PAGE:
Various Traditions are discussed
2 sweet potatoes
1/8 cup crème fraîche
2 tbsp maple syrup
2 tbsp chipotles sauces Lucito
1 tsp ground cinnamon
1. Place potatoes pricking the potato with a fork allows steam to escape during the cooking process.
2. Put microwave oven. Place potatoes on large baking sheet the potato, bake until soft, 7 to 10 minutes.
3. Put wrapping in aluminium foil potatoes.
3. Meanwhile, combite maple, crème fraîche, chipotles sauces, cinnamon and salt in a small bowl. Whisp until smooth.
4. When potatoes are tender, remove from oven, slice in 1/5 skin. Bake their potatoes and then scoop out the interior, leaving the skin as a shell.
5. This mixture is then spooned back into the skin shells and they are replaced in the oven to warm through.
New Year 2018
9 giant shrimp
3 cloves garlic
1 sweet potato
1. Zucchinis 4 cut lengthwise.
2. Sweet potato cut rounds of thickness.
3. Garlic chopped.
4. Giant shrimp towels.
5. Sweet potato, olive oil fried skillet.
6. Zucchini, olive oil fried skillet.
7. Giant shrimp, olive oil fried wok.
Yesterday Kurtito discussed at length the various Easter traditions that his family followed in Vienna. Today I want to talk a bit on how we celebrated in QuÃ©bec. I grew up in a Catholic family and Easter was normally celebrated with the entire family getting together for dinner at my paternal grandparent’s house in St-Jovite. When I was very young, before the ‘RÃ©volution Tranquille’ of the 60’s when most people in QuÃ©bec stopped going regularly to church due to their dissatisfaction with the church meddling with the government, we used to follow lent before Easter and also eat fish on Fridays most of the year.
I have vivid memories of sitting at the table in my grandmother’s kitchen and eating hot-crossed buns during the weeks before Easter, and of going to get palms blessed at the church on Palm Sunday. Our regular family reunions were always on the small size, as the entire family from grandparents to grandchildren normally hovered around a dozen people. Only my uncle Jacques was living permanently with my grandparents, as my uncle Pierre was studying in Montreal at the time, and my father and us, and also his older sister Jeanine were living in Montreal. Normally on weekend the entire clan would drive up to my grandparent’s place and spend the weekend there. In the summer, we were spending the entire season at the lake, where we used to live until recently, and my grandparents would visit us every Sunday for the ritual barbecued standing rib roast beef.
The door to my grandparent’s house was rarely locked and you could walk in at anytime of the day or night and there would be food on the stove or in refrigerator. Normally there was a freshly cooked ham in the refrigerator that my grandmother would prepare before the weekend, and whenever somebody would arrive from Montreal the ritual was to go to the refrigerator, take the ham out, and cut and eat thin slices out of it, even on Friday nights when we were supposed to only eat fish. Looking back at it I guess that ham was not considered meat in those days. I have a few Jewish friends that similarly have always told me that ham and bacon are not pork, so I guess that every religion has its exceptions.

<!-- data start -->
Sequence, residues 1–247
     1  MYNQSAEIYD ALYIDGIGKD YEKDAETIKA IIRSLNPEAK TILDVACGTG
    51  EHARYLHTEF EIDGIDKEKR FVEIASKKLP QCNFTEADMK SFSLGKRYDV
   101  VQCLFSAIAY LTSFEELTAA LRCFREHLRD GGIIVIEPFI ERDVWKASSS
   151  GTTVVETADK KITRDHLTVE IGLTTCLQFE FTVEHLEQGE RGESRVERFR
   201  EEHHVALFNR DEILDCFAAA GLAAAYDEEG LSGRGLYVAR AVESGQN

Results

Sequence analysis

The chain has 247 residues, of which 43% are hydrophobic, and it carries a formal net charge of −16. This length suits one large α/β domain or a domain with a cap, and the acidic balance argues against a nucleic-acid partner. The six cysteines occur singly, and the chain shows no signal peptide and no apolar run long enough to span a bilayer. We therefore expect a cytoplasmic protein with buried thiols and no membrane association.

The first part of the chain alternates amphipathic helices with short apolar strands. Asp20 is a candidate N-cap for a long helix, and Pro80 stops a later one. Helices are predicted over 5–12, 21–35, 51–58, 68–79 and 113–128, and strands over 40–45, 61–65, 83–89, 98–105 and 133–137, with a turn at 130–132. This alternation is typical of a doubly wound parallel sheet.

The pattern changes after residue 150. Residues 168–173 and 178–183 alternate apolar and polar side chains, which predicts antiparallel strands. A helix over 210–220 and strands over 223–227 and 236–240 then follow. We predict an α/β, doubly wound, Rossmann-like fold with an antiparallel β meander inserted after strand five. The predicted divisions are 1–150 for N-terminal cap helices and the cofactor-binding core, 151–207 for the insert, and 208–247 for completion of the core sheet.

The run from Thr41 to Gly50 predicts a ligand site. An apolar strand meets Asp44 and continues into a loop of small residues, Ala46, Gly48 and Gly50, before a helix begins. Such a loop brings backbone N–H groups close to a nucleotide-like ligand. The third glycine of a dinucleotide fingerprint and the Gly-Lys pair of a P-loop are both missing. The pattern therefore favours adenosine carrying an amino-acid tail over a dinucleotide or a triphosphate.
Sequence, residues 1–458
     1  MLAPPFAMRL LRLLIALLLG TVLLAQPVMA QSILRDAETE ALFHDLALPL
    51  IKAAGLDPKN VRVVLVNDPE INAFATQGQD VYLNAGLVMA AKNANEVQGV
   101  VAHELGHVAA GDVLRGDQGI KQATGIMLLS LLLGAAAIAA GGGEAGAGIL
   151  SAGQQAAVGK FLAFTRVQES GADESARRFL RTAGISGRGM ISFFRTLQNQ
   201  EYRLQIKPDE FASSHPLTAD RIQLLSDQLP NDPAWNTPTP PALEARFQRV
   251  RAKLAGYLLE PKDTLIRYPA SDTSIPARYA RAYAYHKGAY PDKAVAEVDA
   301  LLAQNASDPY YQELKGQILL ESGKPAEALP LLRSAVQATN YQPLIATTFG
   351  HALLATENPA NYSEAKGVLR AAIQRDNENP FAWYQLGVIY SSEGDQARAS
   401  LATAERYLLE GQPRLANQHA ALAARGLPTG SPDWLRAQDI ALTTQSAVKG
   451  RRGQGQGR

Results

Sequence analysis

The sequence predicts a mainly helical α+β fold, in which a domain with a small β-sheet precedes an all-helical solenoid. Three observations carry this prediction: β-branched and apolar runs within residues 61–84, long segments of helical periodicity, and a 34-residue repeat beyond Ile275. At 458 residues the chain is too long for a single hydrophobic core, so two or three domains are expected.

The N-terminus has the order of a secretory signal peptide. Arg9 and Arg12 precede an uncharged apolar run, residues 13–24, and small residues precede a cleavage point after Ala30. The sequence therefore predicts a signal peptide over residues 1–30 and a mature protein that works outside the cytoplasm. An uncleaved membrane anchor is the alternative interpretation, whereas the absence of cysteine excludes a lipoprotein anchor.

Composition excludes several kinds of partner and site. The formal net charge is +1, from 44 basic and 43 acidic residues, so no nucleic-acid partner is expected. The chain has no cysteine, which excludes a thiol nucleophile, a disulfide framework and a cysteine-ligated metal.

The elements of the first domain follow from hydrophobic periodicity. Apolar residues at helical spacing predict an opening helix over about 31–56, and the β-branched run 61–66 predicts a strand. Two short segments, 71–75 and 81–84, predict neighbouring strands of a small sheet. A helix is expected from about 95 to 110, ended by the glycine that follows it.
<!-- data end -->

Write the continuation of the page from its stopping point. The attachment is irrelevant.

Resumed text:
For Easter we normally would go to church in the morning, and I remember receiving all kinds of chocolate eggs and bunnies. I remember a type of egg in particular, that came in a yellow box. The chocolate egg was large around 3-4" long and wrapped in foil. Beneath it soft chocolate shell there was a white filling based on marshmallows and a yellow center. We would cut slices from it and eat it throughout the day. Normally the meal was either a huge roast beef or some nice large glazed ham.
In later years when most of the family stopped congregating weekly at the family house, we started to celebrate at the lake, and Easter was one of the few occasions throughout the year where the family would come together. The other occasions would be for Christmas and New Year, and irregular meetings throughout the year. Now that the family is spread all over the place we normally are all together only for Christmas and New Year, and we manage to attend those meeting only every few years since we moved to Mexico.
During the period I was in charge of cooking for the Easter feast at the lake, my dish of choice was always some nice deboned butterflied legs of lamb that I would marinate for a few days in a concoction made with pureed onions and jalepeños, honey, soy sauce, and other pungent ingredients. The lamb was almost cooked by the mixture…
I would sear the lamb on a very hot barbecue until a nice crust would form, then finish it slowly in a low oven. The meat would just melt in the mouth and would be accompanied by a variety of side dishes. As usual I would probably prepare a fish or seafood-based first course, and finish with a variety of desserts and a wide assortment of cheeses. Of course plenty of wine of all types would be served.
Regrettably in recent year we have not had the occasion to celebrate Easter with the family. The last few times we were in Canada for the occasion we went to a nice brunch all together. Since we arrived in Mexico we did celebrate it once with Normita’s family, but for the last few years we did not have a chance to do so, as everybody was not in town at the time, so we did only did prepare a nice meal just for the both of us.
It seems that sadly some traditions are lost in our case, and that we should try to start new ones or revive old ones in the coming years.